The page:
As I mentioned in the first blog entry in this series, I will mostly focus my attention on end grain natural edge woodturning. In this blog entry I will explain how I prepare the wood for lathe work and how I mount it on the lathe. These blog entries reflect mostly my experience and preferences for woodturning. Hopefully you can draw inspiration form this but ultimately you have to find your own way.
1. Stock Selection
The first step in woodturning is, obviously, selecting a piece of wood that you will turn. I prefer to keep the wood in large pieces since in this way only the ends will go bad (crack) but I still have a lot of good wood. Here is my wood pile, to get an idea:
While painting the end grain of logs with some wood sealer helps (I use paraffin wax softened in paint thinner) the logs will crack anyway—it will just take longer,
Since you very much have to adapt to the type of wood when turning end-grain pieces, I usually prepare several raw pieces that I turn within few days (before they go bad). I keep a variety of woods in my pile so that I can pick something I feel like turning (as opposed to whatever I have). This time I selected the lower part of a camphor tree (about 1 foot off the ground). This piece is interesting since it has two main branches of roughly the same size. The idea is to select a 3” piece and try to turn a large (almost 16”) platter and from the rest to make a some small wood bowls.
The ends of the two branches are bad for at least 8” so I have to throw them (i.e. recycle them). Here is a picture taken my by 5 (almost 6) years old photographer (my son).
While cutting the log I try to think what I will make out of it. Since I will mount the wood on the lathe using a faceplate (more about this latter), I have to leave about 1”-1 1/2” extra wood at the base. To true up the top, I leave at least an extra 1/2”. That means I cut the piece about 2” taller than the intended dimension of the turning. When you cut the wood with the chainsaw (the best method but a decent hand saw would do as well) I try to select the interesting part for the rim. I decide which part is the top and which part is the bottom as well.
For natural edge end grain turning, the wood preparation consist only in cutting the log across. The only concern is to keep the angle close to 90% and the two sides reasonably parallel (helps latter).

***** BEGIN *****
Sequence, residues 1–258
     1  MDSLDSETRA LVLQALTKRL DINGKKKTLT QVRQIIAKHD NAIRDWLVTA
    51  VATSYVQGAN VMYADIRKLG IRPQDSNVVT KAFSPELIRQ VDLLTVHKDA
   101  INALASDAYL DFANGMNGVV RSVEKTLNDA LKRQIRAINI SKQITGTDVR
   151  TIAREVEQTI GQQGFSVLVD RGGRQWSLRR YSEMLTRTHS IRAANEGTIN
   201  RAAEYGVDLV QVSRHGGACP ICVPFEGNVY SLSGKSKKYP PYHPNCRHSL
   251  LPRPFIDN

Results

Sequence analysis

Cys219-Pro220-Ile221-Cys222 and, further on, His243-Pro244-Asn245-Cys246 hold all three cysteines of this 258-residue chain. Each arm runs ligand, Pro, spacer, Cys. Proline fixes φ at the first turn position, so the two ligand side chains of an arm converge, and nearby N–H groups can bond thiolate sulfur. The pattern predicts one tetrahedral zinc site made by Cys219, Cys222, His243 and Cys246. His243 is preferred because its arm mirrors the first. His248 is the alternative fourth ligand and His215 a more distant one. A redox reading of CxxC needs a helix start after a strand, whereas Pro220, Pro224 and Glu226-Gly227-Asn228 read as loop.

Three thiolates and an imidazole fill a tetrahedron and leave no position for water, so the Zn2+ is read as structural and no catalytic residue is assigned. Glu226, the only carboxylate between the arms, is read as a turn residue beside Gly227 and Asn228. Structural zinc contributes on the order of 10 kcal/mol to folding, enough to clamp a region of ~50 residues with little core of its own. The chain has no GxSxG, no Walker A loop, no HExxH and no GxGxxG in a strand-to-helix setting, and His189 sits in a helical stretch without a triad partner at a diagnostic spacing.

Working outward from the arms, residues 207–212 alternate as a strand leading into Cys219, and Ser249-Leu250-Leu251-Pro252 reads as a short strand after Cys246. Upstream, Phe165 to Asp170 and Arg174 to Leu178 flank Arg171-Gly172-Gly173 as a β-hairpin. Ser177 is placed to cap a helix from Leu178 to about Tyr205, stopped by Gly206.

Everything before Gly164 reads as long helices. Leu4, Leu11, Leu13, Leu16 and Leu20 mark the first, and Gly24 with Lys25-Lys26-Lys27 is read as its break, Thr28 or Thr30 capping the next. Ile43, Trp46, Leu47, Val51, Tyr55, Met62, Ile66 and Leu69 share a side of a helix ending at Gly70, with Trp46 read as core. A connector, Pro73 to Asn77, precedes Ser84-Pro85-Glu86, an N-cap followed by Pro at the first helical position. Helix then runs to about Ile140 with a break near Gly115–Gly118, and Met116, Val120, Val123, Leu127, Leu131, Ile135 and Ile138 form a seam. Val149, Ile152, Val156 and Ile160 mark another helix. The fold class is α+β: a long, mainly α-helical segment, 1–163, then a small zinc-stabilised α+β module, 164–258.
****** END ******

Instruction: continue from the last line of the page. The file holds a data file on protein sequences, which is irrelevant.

2. Mounting the raw wood on the lathe
Once I cut the log in sections, I select one that I turn and get ready to mount it on the lathe for initial turning. I first put the wood on the workbench and try to select a reasonable center for the piece. I like to do the initial turning between centers. My main motivation is the fact that my lathe cannot go below 600rpm in speed and, as I explain below, I can make even large pieces behave at 600rpm when I turn between the centers but I would get disastrous results If I mount the piece initially using a faceplate.
Why do initial turning between centers?
When I started woodturning, I was installing a faceplate on the blank as the first step in turning a log. While you can reasonably center the faceplate on the blank to get decent bowls as a result, I had two main problems with this method:
1. The cross cut had to be truly orthogonal on the piece otherwise piece would rotate around a slanted axis (violent shaking of the lathe immediately results if the wood is spinning at 600rpm)
2. No matte how careful I was with getting the crosscut and center the faceplate on the log, unless the wood was almost round, I still got enough vibration to scare me (had the piece fly from the lathe a couple of times). The process of getting a good position of the faceplate and cutting the log took a good 1/2 of an hour or more (takes the fun out of woodturning).
At some point it just struck me: I should mount the piece between centers initially instead of faceplate. Now, this might be even a bigger disaster than faceplate mounting since the spur is less likely to keep a piece of wood from flying than 4-8 screws you can put in a face plate. For this to work, something else is crucial: spend a couple of minutes to center the piece between centers so there is almost no vibration. It is not the geometrical center that matters but having the rotation axis go through (or close by) the gravity center of the piece. To do this, I apply the following procedure: